In Example 9-5, after completion of display(), you are still bound to the texture named by the contents of texName[1]. Be careful that you don't call a spurious texture routine that changes the data in that texture object.

When using mipmaps, all related mipmaps of a single texture image must be put into a single texture object. In Example 9-4, levels 0­5 of a mipmapped texture image are put into a single texture object named texName.

Cleaning Up Texture Objects

As you bind and unbind texture objects, their data still sits around somewhere among your texture resources. If texture resources are limited, deleting textures may be one way to free up resources.

void glDeleteTextures(GLsizei n, const GLuint *textureNames);

Deletes n texture objects, named by elements in the array textureNames. The freed texture names may now be reused (for example, by glGenTextures()).

If a texture that is currently bound is deleted, the binding reverts to the default texture, as if glBindTexture() were called with zero for the value of textureName. Attempts to delete nonexistent texture names or the texture name of zero are ignored without generating an error.

A Working Set of Resident Textures

Some OpenGL implementations support a working set of high-performance textures, which are said to be resident. Typically, these implementations have specialized hardware to perform texture operations and a limited hardware cache to store texture images. In this case, using texture objects is recommended, because you are able to load many textures into the working set and then control them.

If all the textures required by the application exceed the size of the cache, some textures cannot be resident. If you want to find out if a single texture is currently resident, bind its object, and then use glGetTexParameter*v() to find out the value associated with the GL_TEXTURE_RESIDENT state. If you want to know about the texture residence status of many textures, use glAreTexturesResident().

GLboolean glAreTexturesResident(GLsizei n, const
GLuint*textureNames, GLboolean *residences);

Queries the texture residence status of the n texture objects, named in the array textureNames. residences is an array in which texture residence status is returned for the corresponding texture objects in the array textureNames. If all the named textures in textureNames are resident, the glAreTexturesResident() function returns GL_TRUE, and the contents of the array residences are undisturbed. If any texture in textureNames is not resident, then glAreTexturesResident() returns GL_FALSE and the elements in residences, which correspond to nonresident texture objects in textureNames, are also set to GL_FALSE.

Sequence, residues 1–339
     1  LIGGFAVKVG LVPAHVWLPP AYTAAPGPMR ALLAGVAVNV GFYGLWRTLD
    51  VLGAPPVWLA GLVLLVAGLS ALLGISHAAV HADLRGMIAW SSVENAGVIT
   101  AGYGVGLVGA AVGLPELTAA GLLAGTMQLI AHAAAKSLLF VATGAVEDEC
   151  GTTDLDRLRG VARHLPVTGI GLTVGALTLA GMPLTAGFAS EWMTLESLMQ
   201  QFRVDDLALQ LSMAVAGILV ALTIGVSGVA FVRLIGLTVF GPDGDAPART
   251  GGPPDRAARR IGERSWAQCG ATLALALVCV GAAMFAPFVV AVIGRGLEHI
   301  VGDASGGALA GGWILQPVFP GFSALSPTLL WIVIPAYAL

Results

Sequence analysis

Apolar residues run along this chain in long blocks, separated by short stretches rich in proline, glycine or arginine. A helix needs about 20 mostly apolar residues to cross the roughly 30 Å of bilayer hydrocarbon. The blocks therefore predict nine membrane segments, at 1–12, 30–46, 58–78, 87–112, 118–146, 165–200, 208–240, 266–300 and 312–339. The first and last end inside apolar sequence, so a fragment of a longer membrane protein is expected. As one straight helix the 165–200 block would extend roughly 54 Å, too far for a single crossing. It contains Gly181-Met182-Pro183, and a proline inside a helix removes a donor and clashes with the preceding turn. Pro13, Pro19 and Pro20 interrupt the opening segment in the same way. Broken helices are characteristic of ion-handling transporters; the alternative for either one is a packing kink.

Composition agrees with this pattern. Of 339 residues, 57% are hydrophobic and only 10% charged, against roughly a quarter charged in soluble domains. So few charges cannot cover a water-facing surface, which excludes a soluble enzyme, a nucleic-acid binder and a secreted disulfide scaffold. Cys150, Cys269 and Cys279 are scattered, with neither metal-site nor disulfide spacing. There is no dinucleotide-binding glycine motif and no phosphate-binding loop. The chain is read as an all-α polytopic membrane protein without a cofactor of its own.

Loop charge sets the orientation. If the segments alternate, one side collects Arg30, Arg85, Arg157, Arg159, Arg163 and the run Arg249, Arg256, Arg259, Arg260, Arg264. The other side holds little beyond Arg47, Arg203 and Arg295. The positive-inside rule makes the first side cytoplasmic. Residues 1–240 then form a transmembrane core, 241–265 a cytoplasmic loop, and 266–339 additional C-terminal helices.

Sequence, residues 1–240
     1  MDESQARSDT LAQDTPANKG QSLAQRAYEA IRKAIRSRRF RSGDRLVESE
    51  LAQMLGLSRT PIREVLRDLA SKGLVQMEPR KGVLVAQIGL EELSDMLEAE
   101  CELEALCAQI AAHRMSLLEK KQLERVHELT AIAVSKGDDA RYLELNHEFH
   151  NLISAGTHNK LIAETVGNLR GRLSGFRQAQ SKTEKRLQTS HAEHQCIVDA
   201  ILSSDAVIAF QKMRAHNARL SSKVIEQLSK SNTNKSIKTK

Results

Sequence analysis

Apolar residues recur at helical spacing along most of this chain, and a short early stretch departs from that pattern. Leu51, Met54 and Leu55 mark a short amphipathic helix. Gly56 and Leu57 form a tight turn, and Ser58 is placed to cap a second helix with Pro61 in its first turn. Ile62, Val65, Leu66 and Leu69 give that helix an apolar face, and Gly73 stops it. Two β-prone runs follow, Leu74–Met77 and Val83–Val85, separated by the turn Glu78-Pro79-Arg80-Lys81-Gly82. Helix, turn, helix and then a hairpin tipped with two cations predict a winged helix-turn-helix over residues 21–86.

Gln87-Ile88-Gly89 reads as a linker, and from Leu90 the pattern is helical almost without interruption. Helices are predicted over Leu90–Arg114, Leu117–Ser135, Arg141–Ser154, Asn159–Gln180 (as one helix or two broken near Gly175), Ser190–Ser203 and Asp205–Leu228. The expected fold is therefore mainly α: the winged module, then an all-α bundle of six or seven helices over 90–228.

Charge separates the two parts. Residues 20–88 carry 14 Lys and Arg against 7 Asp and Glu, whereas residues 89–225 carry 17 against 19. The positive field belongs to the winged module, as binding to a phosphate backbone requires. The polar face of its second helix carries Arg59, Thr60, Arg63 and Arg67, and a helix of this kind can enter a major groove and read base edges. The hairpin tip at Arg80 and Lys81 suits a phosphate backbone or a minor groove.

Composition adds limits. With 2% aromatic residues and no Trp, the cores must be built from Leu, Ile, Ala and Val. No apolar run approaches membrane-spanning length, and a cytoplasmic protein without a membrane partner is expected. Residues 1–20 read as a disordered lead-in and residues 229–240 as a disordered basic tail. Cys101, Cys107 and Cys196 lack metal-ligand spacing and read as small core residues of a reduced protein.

Note that glAreTexturesResident() returns the current residence status. Texture resources are very dynamic, and texture residence status may change at any time. Some implementations cache textures when they are first used. It may be necessary to draw with the texture before checking residency.

If your OpenGL implementation does not establish a working set of high-performance textures, then the texture objects are always considered resident. In that case, glAreTexturesResident() always returns GL_TRUE and basically provides no information.

Texture Residence Strategies

If you can create a working set of textures and want to get the best texture performance possible, you really have to know the specifics of your implementation and application. For example, with a visual simulation or video game, you have to maintain performance in all situations. In that case, you should never access a nonresident texture. For these applications, you want to load up all your textures upon initialization and make them all resident. If you don't have enough texture memory available, you may need to reduce the size, resolution, and levels of mipmaps for your texture images, or you may use glTexSubImage*() to repeatedly reuse the same texture memory.

For applications that create textures "on the fly," nonresident textures may be unavoidable. If some textures are used more frequently than others, you may assign a higher priority to those texture objects to increase their likelihood of being resident. Deleting texture objects also frees up space. Short of that, assigning a lower priority to a texture object may make it first in line for being moved out of the working set, as resources dwindle. glPrioritizeTextures() is used to assign priorities to texture objects.

void glPrioritizeTextures(GLsizei n, const GLuint *textureNames,
const GLclampf *priorities);

Assigns the n texture objects, named in the array textureNames, the texture residence priorities in the corresponding elements of the array priorities. The priority values in the array priorities are clamped to the range [0.0, 1.0] before being assigned. Zero indicates the lowest priority; these textures are least likely to be resident. One indicates the highest priority.

glPrioritizeTextures() does not require that any of the textures in textureNames be bound. However, the priority might not have any effect on a texture object until it is initially bound.

glTexParameter*() also may be used to set a single texture's priority, but only if the texture is currently bound. In fact, use of glTexParameter*() is the only way to set the priority of a default texture.

If texture objects have equal priority, typical implementations of OpenGL apply a least recently used (LRU) strategy to decide which texture objects to move out of the working set. If you know that your OpenGL implementation has this behavior, then having equal priorities for all texture objects creates a reasonable LRU system for reallocating texture resources.

If your implementation of OpenGL doesn't use an LRU strategy for texture objects of equal priority (or if you don't know how it decides), you can implement your own LRU strategy by carefully maintaining the texture object priorities. When a texture is used (bound), you can maximize its priority, which reflects its recent use. Then, at regular (time) intervals, you can degrade the priorities of all texture objects.

Note: Fragmentation of texture memory can be a problem, especially if you're deleting and creating lots of new textures. Although it is even possible that you can load all the texture objects into a working set by binding them in one sequence, binding them in a different sequence may leave some textures nonresident.